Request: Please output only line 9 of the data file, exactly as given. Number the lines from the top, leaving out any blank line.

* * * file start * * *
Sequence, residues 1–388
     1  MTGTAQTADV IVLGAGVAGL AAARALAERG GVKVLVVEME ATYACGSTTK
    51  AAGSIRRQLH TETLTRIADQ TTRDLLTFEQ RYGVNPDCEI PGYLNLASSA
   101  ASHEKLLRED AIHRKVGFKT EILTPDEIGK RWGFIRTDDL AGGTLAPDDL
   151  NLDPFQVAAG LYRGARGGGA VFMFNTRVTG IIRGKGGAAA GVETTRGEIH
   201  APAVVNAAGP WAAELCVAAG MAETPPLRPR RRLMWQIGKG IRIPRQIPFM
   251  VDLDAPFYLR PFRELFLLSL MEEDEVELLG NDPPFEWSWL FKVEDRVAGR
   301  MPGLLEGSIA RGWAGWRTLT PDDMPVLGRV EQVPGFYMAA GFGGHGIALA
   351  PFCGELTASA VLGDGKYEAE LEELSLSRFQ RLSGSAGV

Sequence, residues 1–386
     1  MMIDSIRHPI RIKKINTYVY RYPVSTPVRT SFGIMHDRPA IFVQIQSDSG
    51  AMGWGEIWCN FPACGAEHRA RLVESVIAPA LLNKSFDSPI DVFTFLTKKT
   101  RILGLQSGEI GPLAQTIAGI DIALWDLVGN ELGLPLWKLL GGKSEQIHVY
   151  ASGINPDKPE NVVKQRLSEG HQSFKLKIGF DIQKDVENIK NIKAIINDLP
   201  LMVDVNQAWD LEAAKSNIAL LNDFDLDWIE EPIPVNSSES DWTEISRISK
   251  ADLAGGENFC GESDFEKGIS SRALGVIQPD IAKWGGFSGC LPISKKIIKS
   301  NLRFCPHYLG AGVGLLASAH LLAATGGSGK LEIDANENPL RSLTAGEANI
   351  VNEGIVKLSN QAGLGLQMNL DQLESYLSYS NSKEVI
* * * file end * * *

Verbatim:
   351  PFCGELTASA VLGDGKYEAE LEELSLSRFQ RLSGSAGV